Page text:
Research presented at the national conference of the American Academy of Pediatrics suggests that children in foster care are more than three times as likely to have been diagnosed with attention-deficit/hyperactivity disorder (ADHD) than other children enrolled in Medicaid.
Researchers from the National Center on Birth Defects and Developmental Disabilities at the Centers for Disease Control and Prevention (CDC) examined 2011 MarketScan Medicaid claims data from 11 states to identify the medical histories of children aged 2 to 17 years.
Not only were children in foster care more likely to have been identified as having ADHD when compared to their peers by a wide margin (26 percent vs. 7 percent), but they were also more likely to have a co-occurring internalizing disorder, such as depression, anxiety, obsessive compulsive disorder or post-traumatic stress disorder, or an externalizing disorder, such as oppositional defiant disorder or conduct disorder.
“This is important because the presence of co-occurring conditions may affect decisions made to determine the appropriate treatment for the child’s ADHD,”said lead researcher Melissa Danielson in an email to The Chronicle. “It is important for caregivers, doctors, and other providers to look for the presence of co-occurring disorders such as depression or conduct disorder when developing treatment plans for these youth.”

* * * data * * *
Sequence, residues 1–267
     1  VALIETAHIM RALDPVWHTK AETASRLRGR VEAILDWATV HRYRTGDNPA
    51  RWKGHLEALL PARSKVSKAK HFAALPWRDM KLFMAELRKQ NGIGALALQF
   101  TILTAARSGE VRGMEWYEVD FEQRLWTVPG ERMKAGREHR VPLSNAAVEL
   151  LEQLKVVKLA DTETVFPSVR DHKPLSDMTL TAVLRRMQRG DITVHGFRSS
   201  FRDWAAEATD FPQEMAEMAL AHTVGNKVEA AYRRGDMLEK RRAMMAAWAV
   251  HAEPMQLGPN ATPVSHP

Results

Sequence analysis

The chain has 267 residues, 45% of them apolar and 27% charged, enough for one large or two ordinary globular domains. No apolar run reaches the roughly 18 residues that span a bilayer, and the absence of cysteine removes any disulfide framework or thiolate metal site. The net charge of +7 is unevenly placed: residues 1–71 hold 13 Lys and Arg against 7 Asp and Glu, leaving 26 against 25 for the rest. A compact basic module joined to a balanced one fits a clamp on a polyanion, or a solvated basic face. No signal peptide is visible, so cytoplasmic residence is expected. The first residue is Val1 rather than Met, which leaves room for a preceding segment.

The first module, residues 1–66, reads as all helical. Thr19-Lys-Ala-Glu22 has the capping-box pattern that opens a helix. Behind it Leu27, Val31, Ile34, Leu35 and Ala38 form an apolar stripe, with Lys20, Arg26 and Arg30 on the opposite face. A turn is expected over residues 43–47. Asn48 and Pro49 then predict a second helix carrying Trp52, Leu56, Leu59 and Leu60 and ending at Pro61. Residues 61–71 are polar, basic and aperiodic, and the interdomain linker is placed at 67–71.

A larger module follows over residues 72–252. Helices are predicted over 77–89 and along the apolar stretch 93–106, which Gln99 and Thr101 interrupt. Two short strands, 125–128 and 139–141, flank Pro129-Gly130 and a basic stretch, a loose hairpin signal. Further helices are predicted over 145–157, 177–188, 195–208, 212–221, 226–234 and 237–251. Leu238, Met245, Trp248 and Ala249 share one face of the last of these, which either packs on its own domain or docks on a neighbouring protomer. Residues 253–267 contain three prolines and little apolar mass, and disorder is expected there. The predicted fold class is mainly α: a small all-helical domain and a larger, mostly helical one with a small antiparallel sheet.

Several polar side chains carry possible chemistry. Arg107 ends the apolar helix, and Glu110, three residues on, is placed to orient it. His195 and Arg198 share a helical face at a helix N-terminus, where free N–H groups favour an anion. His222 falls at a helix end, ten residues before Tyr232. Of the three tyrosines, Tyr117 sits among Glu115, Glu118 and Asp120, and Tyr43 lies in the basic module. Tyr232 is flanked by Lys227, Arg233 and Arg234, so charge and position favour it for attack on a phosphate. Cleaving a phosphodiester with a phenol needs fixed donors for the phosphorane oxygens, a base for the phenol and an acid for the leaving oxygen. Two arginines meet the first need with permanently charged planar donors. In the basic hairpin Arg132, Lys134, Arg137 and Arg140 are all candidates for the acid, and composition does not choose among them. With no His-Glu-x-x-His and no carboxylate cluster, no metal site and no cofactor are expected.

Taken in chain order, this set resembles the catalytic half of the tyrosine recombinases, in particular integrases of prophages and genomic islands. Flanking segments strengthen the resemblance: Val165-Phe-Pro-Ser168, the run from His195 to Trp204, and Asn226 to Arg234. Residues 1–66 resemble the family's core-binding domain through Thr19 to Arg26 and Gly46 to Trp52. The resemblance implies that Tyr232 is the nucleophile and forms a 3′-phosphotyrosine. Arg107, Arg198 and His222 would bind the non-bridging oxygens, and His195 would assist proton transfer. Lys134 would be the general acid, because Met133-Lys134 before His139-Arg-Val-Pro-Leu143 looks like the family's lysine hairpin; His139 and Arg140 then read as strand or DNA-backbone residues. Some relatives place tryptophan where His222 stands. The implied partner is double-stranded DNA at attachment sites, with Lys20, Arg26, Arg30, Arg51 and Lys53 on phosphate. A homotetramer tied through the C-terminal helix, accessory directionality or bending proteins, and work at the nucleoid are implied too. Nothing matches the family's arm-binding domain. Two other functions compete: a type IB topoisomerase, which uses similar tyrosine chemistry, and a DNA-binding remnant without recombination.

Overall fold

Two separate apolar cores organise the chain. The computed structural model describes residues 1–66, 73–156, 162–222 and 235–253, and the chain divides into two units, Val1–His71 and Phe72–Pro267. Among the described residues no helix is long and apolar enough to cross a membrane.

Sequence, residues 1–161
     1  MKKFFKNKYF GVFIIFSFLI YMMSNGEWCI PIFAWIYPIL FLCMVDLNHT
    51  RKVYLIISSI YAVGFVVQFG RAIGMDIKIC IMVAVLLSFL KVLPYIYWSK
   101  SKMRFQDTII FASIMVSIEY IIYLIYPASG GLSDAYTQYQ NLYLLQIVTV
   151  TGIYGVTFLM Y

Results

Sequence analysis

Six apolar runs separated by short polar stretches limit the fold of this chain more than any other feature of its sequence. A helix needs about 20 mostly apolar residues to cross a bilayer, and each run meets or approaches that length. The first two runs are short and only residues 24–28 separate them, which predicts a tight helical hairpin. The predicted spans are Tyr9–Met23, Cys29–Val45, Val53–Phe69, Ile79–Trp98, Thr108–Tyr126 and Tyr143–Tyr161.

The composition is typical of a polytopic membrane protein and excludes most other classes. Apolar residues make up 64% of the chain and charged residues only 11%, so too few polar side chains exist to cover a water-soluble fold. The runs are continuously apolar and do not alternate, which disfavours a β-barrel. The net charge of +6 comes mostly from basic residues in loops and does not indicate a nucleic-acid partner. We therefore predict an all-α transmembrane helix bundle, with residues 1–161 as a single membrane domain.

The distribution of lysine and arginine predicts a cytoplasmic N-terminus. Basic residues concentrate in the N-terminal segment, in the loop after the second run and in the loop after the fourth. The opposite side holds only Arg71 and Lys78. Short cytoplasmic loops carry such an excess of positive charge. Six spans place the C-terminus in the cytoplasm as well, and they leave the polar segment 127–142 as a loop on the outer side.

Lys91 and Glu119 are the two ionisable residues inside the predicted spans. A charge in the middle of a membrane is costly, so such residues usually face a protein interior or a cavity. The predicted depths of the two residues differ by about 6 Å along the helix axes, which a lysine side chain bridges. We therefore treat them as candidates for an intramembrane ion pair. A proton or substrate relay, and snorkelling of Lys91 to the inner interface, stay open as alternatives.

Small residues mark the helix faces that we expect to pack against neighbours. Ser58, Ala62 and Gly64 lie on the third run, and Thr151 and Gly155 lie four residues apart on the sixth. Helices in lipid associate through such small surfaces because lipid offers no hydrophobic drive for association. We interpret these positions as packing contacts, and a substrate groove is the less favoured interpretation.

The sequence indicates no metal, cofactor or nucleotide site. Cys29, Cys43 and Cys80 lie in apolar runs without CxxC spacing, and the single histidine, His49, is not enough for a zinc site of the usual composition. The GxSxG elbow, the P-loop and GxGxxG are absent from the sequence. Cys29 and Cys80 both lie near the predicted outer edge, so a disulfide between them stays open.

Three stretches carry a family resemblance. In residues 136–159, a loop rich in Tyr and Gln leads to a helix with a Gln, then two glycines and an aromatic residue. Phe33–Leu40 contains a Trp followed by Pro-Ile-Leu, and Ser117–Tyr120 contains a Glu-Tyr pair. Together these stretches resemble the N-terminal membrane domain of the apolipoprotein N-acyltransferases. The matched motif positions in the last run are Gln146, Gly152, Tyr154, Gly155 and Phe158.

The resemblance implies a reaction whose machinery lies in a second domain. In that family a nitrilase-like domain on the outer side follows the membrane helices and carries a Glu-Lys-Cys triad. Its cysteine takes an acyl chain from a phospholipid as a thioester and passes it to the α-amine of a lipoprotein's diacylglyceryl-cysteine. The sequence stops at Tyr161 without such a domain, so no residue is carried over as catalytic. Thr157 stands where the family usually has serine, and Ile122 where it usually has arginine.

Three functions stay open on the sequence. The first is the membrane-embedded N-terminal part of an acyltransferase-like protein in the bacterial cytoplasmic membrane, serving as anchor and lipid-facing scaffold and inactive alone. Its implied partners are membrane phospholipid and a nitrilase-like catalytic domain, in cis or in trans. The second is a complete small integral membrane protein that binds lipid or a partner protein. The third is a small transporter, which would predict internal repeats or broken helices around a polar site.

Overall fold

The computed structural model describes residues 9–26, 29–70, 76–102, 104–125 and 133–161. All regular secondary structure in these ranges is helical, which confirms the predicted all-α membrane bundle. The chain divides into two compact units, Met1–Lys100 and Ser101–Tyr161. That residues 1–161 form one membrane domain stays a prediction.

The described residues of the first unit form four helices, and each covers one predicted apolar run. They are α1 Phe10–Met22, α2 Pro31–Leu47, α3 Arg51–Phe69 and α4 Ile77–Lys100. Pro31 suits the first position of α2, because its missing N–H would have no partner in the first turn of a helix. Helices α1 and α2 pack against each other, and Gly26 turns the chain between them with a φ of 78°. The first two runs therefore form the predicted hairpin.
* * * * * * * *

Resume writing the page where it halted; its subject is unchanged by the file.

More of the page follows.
The team of CDC researchers research also revealed that children in foster care who were receiving clinical services from Medicaid were about as likely to have received ADHD medication as other children and more likely to receive psychological services for ADHD.
The research is part of an effort to evaluate how well current diagnostic and treatment practices for children with ADHD match up with recommendations from the American Academy of Pediatrics (AAP) and other organizations.
Currently, AAP recommends that treatment for children between the ages of 6 and 18 with ADHD include both medication and behavioral therapy as the preferred treatment combination.
For younger, preschool-aged children (4 to 5 years old), behavioral therapy is recommended as the first line of treatment.
To read more about the study, click here.